Thursday, October 20

Prayer and Good Intentions Aren't Enough

Suppose a brother or sister is without clothes and food. If one of you says to him, "Go, I wish you well; keep warm and well fed," but does nothing about his physical needs, what good is it?--James 2:16

The more I listen to Dr. Laura's radio program on KFI, the more opinionated I find myself becoming. Quite often she sets for a very reasonable plan for a solution to a person's problem. She gets right to the heart of the true issue and doesn't leave room for wishy-washy behavior or cop-outs. Dr. Laura regularly insists that good decisions are made when a person takes the focus off of their own emotions and feelings. No matter how a person feels about something, the only way to change things is to change behavior and actions. So often the people who call in to the show are utterly spineless. I doubt that many of them actually have the guts and character to follow-through with her recommendations.

In a similar way, the Bible tells us that faith without accompanying actions isn't entirely viable. How many of us have ever been asked to pray for a friend's needs but don't actually do it? We say we'll pray for their situation, but we don't. Worse yet, there are occasions when we are able to help them out but we think that just praying will be enough involvement for us. It disgusts me that we think this alone makes us good people. Some people go so far as to applaud their own efforts and liken themselves to the good Samaritan.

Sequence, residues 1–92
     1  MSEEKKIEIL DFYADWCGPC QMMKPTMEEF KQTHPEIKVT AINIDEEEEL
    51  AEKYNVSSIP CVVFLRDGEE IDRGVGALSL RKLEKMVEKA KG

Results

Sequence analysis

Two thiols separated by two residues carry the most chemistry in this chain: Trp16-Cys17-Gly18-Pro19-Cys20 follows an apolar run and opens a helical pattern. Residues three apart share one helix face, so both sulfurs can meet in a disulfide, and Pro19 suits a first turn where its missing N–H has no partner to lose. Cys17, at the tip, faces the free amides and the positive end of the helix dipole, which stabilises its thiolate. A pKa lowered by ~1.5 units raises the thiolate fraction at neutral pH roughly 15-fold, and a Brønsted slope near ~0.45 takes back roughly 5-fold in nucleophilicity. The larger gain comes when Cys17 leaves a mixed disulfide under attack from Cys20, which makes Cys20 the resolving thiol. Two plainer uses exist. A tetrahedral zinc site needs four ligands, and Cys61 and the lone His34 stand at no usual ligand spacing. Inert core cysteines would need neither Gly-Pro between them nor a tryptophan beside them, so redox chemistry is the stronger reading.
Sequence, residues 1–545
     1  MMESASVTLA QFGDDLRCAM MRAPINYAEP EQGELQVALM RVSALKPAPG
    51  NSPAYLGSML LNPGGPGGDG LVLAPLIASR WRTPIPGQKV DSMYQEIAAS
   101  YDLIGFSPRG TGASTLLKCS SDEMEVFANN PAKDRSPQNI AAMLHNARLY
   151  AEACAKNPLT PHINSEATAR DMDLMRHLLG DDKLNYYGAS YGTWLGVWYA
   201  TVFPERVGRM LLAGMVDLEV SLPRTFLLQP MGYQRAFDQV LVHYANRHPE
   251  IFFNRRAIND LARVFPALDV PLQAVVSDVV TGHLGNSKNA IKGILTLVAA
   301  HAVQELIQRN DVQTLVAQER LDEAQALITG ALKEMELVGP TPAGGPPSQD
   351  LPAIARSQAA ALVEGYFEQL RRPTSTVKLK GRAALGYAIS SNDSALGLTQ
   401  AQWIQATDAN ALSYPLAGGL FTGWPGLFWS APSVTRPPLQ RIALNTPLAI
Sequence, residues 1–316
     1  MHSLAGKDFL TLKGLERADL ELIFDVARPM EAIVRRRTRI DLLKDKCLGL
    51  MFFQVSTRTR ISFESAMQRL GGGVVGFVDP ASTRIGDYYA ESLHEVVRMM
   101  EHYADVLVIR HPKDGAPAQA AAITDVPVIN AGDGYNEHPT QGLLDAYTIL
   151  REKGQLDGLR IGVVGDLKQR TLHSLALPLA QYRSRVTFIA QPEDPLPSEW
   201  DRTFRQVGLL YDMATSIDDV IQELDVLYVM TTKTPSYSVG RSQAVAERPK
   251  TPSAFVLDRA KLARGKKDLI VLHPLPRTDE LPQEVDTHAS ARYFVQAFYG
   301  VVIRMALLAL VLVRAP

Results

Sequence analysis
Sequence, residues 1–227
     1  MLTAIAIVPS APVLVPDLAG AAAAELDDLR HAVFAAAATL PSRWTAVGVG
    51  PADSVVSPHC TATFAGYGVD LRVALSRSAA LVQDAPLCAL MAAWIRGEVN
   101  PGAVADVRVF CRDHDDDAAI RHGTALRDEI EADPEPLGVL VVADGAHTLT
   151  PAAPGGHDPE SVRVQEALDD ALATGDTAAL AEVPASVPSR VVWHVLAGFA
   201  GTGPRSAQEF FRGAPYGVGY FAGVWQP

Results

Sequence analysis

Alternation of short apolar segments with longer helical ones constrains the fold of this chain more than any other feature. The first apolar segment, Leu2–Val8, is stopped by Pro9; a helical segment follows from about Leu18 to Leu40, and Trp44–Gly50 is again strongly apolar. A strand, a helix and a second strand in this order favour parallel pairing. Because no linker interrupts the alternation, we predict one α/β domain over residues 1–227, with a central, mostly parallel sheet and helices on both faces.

Prayers and good intentions are good, but they aren't enough. We are called to minister to the needs of others. If someone in the church community mentions that they need something specific, we shouldn't wait around for someone else to meet that need. When a family at church welcomes a new baby, don't just pray that they'll have the strength and stamina to be able to handle the adjustment. Help lighten the load, even in some small way, by bringing dinner over.

As we ask God to help us grow in our faith, we need to be aware that out of our faith comes certain reasonable actions. There is a time for coming alongside our brothers and sisters merely to lend a listening ear, but there is also a time when we need to jump in the car and take a friend out for a frapuccino or some comfort food. We shouldn't just pray that God will work in the situation; we should be working in it as well, particularly if we are gifted in an area that will help minister to the person or people in need.

I'm not suggesting we all should aim for developing a "save the world complex." Rather, I'm saying that there are times when prayer and good intentions aren't enough. We need to have faith with shoes on. Our actions should be clear evidence of the living, breathing faith that we profess.



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